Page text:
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THU0514 Effect of Long-Term Treatment with Anakinra (Kineret®) on Bone Mineral Density in Patients with Severe Cryopyrin-Associated Periodic Syndromes
  1. K. Timdahl1,
  2. R. Goldbach-Mansky2,
  3. M. Leinonen1,3,
  4. H. Olivecrona1
  1. 1Sobi, Stockholm, Sweden
  2. 2National Institute of Arthritis and Musculoskeletal and Skin Diseases, National Institutes of Health, Bethesda, MD, United States
  3. 34Pharma AB, Stockholm, Sweden

Abstract

Background Cryopyrin-Associated Periodic Syndromes (CAPS) include a group of rare inherited autoinflammatory diseases consisting of Familial Cold Autoinflammatory Syndrome (FCAS), Muckle-Wells Syndrome and the most severe form, Neonatal Onset Multisystem Inflammatory Disease (NOMID). Anakinra is an IL-1-receptor antagonist that has proven effective and safe in the treatment of severe CAPS1 with reported sustainable reduction of chronic inflammation, organ specific inflammation, steroid use and a growth catch-up after long-term use2. The beneficial effect of anakinra on bone mineral density (BMD) has been reported in a small cohort of patients with rheumatoid arthritis3 but BMD data in patients with severe CAPS have not yet been investigated.

Objectives To evaluate the changes in BMD in patients with severe CAPS during anakinra treatment up to 60 months.

Methods A prospective, open-label, single arm study of anakinra including 43 patients was conducted at the National Institutes of Health1. The study included yearly assessment of BMD using dual energy X-ray absorptiometry (DEXA) scans (g/cm2) with a Hologic Densitometer. The BMD was assessed at the total hip, intertrochanteric, femoral neck and L1-L4 (anterior posterior) and evaluated using age-, gender-, and race-matched Z-scores based on DEXA assessments (normal Z-score: -2 to +2) at baseline and up to 60 months. The changes from baseline were estimated in the intention-to-treat population using a mixed model for repeated measures (MMRM) and the proportions of patients with abnormally low values (<-2) tabulated for observed cases.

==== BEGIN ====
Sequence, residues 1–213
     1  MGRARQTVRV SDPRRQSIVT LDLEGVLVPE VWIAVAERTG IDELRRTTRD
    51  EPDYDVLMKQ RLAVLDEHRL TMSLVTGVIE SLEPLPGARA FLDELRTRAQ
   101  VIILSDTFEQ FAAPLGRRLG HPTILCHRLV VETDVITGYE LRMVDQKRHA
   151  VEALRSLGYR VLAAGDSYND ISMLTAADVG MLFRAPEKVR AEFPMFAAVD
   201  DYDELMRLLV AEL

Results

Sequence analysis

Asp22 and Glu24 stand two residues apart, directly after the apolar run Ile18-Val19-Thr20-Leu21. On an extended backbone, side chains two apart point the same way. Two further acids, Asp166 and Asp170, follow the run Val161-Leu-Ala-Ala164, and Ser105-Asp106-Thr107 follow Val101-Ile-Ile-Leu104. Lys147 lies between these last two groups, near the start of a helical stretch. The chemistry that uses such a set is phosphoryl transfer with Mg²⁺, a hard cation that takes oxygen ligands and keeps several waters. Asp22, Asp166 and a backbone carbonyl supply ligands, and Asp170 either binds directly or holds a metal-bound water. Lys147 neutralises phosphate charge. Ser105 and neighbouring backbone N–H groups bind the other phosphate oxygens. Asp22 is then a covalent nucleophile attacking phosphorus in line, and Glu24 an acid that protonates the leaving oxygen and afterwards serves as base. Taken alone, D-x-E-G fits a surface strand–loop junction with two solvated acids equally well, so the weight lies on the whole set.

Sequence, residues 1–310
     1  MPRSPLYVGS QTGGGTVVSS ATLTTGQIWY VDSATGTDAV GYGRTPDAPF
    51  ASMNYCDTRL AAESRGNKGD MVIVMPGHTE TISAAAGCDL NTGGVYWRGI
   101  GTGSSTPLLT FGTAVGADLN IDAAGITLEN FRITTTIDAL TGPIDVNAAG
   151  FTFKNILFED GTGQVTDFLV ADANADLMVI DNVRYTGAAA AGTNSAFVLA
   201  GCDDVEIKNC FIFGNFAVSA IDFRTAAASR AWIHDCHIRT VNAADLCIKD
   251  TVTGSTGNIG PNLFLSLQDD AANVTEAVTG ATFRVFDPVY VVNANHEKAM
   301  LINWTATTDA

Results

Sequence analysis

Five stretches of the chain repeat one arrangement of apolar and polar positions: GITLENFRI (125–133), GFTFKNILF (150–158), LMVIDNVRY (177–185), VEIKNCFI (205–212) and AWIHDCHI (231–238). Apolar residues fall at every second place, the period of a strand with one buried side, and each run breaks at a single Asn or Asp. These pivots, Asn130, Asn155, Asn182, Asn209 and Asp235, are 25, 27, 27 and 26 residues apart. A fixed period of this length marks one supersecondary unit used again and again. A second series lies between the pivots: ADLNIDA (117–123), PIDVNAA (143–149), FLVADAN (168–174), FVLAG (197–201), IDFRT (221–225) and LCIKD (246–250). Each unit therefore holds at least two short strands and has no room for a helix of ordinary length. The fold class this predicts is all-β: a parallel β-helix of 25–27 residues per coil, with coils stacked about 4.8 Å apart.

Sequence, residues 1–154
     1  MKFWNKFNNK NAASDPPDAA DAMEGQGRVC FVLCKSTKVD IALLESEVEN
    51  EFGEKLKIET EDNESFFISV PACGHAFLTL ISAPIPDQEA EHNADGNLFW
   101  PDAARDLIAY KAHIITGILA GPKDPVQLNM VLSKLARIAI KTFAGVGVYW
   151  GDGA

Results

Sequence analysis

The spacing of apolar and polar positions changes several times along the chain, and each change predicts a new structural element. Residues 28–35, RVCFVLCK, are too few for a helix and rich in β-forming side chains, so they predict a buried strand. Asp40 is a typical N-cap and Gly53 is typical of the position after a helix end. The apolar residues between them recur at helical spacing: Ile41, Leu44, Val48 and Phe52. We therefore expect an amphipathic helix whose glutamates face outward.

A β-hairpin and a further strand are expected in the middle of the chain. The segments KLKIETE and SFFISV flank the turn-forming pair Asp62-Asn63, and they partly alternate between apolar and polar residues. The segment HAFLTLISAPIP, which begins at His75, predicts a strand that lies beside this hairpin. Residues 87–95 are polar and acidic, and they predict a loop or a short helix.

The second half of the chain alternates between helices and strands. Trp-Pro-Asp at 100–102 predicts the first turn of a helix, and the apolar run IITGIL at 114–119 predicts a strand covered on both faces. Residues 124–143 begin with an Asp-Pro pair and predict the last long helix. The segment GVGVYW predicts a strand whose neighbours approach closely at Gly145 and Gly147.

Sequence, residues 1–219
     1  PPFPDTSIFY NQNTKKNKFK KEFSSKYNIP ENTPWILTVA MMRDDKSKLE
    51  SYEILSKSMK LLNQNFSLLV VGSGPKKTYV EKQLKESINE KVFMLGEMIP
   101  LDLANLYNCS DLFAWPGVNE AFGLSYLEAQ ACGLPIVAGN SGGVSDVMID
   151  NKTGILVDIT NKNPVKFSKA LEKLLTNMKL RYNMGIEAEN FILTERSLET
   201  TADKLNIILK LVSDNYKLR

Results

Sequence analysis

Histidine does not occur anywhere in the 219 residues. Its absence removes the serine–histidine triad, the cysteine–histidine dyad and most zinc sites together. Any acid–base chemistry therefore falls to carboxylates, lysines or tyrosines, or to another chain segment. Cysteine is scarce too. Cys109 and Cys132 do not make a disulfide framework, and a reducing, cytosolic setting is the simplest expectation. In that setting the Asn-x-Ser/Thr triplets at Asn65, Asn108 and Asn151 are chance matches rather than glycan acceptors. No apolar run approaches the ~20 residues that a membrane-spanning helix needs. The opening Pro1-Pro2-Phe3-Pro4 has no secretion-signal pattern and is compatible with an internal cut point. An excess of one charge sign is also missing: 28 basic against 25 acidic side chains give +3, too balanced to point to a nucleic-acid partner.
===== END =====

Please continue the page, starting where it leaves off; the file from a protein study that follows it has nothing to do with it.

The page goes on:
Results Baseline and follow-up BMD data were obtained from 24 out of the 43 patients (16 patients lacked baseline data, 2 lacked post-baseline data and 1 had no BMD data). At baseline, the mean (SD) Z-scores were -2.22 (0.51), -1.96 (1.39), -1.92 (1.92) and -1.75 (1.84) at the femoral neck, L1-L4, total hipand intertrochanteric, respectively. The proportion of abnormally low BMD values in the 4 areas at baseline was 49.4%. There was an increase in the mean BMD values observed throughout the study. The mean (SD) Z-scores at Month 60 were -1.08 (1.63), -0.74 (1.47), -0.80 (1.60) and -0.96 (1.63) at the femoral neck, L1-L4, total hip and intertrochanteric, respectively; the change from baseline was significant (p<0.001) for all locations. Largest increases were seen during the first 36 months. Altogether 54.1% of the BMD values abnormally low at baseline normalized during the study, while 8.8% of the normal values changed to abnormal.

Conclusions Approximately half of the baseline BMD values were subnormal. After 60 months of anakinra treatment approximately half of these values normalized and the mean Z-scores increased from around -2 at baseline to around -1, indicating an acquisition of BMD exceeding that of normal growth. These data are in agreement with previous reports on growth catch-up, reduced inflammation and decreased steroid use in these patients.

References

  1. Goldbach-Mansky et al. NEJM. 2006;355:581-92.

  2. Sibley et al. Arthritis Rheum. 2012;64:2375-86.

  3. Athanassiou et al. Bone 2009;44 Suppl 2:S387-S388.

Disclosure of Interest K. Timdahl Shareholder of: Sobi, Employee of: Sobi, R. Goldbach-Mansky Grant/research support from: Sobi, Regeneron and Novartis, M. Leinonen Consultant for: Sobi, H. Olivecrona Employee of: Sobi

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